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Economy down, markets up?

A recurring conversation with clients and fund managers of late has been around the current relationship between the economy and the stock market.

Some find it hard to fathom that stock markets can experience positive weeks in the face of so much concerning economic data, and that markets are being overly optimistic about the recovery.

Others feel that the worst of it has already been priced into markets and that the economic recovery is already well under way. For example, 20m people lost their jobs in the US earlier this year but 2.5m people were newly employed only last month.

Whatever your view, the dislocation between economic data and the stock market continues to raise eyebrows. This might feel very odd but it is in fact nothing new – it’s always been this way.

The list of economic, social and political events that have troubled the world in the last 20 years alone is long. Some events were very worrying at the time but it’s amazing how easy it is to forget them.

Looking at the list, 🟢  indicates calendar years where global stock markets went up with 🔴  being those years where markets ended lower (as measured by the MSCI World Index):

🔴 2000 – Tech stock bubble bursts

🔴 2001 – 9/11 terror attacks

🔴 2002 – 9/11 after effects / Euro becomes legal tender

🟢 2003 – SARS

🟢 2004 – Asian tsunami

🟢 2006 – Bird flu

🔴 2008 – Global Financial Crisis

🟢 2009 – Swine flu

🟢 2010 – UK coalition government / Flash crash

🔴 2011 – Japan earthquake / Arab Spring

🟢 2012 – European Debt Crisis / MERS

🟢 2013 – Taper tantrum / Quantitative easing

🟢 2014 – Oil price collapse / Ebola

🟢 2015 – China currency devaluation

🟢 2016 – Brexit referendum result / Trump elected

🟢 2017 – Zika virus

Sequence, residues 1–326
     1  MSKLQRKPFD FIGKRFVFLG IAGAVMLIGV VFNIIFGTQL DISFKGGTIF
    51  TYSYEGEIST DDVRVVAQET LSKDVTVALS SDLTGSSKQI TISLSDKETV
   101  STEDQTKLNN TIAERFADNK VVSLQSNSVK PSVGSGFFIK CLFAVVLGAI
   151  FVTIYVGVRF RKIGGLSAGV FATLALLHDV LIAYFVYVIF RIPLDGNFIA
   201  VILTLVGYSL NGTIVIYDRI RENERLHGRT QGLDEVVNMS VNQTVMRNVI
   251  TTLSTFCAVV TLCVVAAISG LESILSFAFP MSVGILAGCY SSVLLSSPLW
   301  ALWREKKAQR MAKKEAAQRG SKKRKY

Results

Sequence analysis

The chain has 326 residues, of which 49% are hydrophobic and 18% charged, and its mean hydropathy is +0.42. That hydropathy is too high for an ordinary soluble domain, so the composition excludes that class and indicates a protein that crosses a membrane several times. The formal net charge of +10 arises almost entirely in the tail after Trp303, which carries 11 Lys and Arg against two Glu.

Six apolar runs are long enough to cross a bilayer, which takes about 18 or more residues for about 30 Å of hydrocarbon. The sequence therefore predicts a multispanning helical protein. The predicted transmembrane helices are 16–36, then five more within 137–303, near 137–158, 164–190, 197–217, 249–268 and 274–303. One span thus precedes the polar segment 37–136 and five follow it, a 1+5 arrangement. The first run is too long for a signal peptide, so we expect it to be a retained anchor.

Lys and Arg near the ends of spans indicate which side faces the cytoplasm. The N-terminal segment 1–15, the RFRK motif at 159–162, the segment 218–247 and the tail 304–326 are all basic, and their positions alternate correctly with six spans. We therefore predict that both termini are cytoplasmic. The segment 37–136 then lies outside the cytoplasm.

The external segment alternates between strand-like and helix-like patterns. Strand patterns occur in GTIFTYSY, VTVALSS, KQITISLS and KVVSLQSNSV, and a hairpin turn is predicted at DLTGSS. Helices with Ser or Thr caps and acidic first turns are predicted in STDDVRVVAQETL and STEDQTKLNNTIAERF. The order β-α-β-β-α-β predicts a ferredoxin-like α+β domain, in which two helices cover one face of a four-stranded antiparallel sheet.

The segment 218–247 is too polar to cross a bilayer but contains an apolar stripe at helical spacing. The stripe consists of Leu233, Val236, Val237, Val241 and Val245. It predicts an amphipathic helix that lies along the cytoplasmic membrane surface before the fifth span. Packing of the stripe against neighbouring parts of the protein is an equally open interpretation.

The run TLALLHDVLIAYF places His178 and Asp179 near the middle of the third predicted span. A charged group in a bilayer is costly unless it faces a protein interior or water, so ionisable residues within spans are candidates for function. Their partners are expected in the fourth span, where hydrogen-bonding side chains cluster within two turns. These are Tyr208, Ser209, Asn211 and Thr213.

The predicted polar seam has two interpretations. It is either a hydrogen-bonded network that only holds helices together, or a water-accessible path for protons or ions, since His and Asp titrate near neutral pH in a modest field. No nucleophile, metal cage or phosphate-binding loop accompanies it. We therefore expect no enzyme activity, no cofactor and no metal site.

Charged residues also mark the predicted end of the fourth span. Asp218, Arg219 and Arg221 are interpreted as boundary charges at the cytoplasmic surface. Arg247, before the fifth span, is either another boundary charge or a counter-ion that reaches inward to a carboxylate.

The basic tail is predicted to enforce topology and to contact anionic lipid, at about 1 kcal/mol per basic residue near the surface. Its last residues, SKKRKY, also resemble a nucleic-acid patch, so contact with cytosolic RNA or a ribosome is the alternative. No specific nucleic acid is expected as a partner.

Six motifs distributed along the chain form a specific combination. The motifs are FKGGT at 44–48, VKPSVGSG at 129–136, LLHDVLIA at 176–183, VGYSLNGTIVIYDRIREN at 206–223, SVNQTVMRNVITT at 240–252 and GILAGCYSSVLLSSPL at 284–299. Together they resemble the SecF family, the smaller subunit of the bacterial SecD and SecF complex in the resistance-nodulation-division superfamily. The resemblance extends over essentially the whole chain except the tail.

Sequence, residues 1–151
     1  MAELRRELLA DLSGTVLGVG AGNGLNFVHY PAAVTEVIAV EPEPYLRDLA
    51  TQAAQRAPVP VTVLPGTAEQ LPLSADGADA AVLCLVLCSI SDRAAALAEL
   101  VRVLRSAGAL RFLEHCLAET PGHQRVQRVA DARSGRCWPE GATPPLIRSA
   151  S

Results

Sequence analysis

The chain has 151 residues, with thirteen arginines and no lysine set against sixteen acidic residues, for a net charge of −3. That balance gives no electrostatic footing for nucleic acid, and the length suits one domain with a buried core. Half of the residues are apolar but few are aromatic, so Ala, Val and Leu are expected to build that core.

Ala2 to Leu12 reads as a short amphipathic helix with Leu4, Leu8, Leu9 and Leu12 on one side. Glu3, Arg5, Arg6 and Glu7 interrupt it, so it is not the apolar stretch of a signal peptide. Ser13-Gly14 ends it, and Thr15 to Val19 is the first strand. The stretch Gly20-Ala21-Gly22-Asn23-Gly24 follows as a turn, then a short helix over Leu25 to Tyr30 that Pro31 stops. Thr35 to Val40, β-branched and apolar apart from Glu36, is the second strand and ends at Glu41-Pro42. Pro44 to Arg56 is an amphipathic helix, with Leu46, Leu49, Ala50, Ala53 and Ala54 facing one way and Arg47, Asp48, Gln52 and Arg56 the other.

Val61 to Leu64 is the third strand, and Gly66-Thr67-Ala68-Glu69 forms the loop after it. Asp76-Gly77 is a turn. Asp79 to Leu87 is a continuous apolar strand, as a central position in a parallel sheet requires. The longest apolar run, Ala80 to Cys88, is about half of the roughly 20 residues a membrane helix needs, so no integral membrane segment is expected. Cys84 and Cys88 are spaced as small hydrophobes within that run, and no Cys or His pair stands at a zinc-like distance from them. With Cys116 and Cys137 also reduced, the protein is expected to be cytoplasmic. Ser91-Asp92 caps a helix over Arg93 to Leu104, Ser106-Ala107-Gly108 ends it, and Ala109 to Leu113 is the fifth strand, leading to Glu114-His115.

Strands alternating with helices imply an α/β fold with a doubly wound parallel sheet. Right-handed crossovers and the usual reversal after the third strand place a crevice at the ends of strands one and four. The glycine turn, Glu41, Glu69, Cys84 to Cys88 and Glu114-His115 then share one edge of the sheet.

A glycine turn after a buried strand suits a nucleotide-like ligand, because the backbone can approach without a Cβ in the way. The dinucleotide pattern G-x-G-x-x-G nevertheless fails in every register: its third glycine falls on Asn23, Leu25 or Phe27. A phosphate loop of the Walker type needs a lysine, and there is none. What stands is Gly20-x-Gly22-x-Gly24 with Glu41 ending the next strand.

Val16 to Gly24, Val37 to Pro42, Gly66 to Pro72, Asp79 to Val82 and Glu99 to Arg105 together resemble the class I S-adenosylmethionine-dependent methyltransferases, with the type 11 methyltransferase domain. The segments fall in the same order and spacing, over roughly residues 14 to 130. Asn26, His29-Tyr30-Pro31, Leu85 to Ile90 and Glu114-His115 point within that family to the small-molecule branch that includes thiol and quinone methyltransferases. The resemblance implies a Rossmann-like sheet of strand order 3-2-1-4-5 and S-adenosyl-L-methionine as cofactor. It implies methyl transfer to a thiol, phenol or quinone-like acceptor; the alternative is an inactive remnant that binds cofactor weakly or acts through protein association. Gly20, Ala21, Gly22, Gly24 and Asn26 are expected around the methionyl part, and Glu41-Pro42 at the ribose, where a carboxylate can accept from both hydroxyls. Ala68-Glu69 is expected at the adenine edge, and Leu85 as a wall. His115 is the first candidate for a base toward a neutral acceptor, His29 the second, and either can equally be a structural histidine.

🔴 2018 – US / China Trade war

🟢 2019 – May resigns-Johnson elected / Trump impeached

⚫️ 2020?

That’s a lot to worry in anyone’s book. But interestingly, had you invested in markets on 1st January 2000 and simply stared out of the window for 20 years, you’d have seen your money rise by around 197% (source: FE Analytics, income reinvested). And depending on the exact point you entered the market in the last 20 years, your return might well have been even higher.

There’s no obvious pattern to be found in this simplistic data, but if this look back in time tells us anything, it’s that:

  1. We can’t reliably predict or assume how markets and economies will move.
  2. Economic concerns don’t automatically result in prolonged stock market falls.
  3. Markets tend to move on from shocks much faster than we might expect.

We don’t know where we are in the recovery at this moment, so for those of you already invested in markets, the message remains the same – hang tight, things will continue to improve over time.

For those still sat on the sidelines waiting for a market recovery (also known as higher prices!), if now isn’t a reasonable time to get your financial plan going, when is?

As ever, if you need help and advice or you have questions about what all of this means for your financial plan, please do get in touch.

Simon Ben-Nathan

Investments carry risk. The value of your investment (and any income from them) can go down as well as up and you may not get back the full amount you invested. Past performance is not a reliable indicator of future performance.